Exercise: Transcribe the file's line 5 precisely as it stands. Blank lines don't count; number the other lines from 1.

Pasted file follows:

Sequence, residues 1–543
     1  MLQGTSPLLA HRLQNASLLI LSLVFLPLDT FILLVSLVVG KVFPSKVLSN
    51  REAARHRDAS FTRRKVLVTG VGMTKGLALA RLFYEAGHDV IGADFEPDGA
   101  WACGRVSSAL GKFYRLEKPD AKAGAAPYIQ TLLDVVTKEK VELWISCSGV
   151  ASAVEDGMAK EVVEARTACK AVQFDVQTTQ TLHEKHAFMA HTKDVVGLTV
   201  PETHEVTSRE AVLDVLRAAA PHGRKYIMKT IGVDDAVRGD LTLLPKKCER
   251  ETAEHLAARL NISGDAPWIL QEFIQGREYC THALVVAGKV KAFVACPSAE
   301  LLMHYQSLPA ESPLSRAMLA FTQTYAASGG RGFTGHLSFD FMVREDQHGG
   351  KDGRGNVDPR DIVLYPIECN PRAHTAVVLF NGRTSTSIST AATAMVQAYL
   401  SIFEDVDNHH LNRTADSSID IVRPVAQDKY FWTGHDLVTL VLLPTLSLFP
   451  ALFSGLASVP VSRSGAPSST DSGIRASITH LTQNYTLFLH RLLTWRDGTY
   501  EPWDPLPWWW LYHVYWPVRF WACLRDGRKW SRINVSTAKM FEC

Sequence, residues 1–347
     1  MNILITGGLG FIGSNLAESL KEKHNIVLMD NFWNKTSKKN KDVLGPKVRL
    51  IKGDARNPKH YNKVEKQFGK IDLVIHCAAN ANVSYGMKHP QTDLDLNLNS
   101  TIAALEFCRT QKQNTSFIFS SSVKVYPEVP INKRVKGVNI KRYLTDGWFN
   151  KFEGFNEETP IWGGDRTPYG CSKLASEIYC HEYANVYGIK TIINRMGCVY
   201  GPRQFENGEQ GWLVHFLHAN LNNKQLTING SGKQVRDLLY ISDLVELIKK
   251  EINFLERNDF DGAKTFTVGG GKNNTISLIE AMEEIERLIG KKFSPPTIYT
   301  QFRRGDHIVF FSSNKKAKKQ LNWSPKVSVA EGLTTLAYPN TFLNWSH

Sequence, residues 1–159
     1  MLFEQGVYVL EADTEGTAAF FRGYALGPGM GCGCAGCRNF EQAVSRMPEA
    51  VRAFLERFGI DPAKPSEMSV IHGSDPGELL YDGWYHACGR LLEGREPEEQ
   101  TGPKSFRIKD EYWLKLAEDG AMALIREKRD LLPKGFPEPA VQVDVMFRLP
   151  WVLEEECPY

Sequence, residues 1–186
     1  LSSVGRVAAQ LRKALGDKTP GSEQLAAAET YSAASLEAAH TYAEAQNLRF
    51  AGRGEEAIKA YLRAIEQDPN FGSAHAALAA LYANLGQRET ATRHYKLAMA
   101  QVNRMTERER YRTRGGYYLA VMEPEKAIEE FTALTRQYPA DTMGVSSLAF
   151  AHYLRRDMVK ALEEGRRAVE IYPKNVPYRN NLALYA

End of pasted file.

   151  ASAVEDGMAK EVVEARTACK AVQFDVQTTQ TLHEKHAFMA HTKDVVGLTV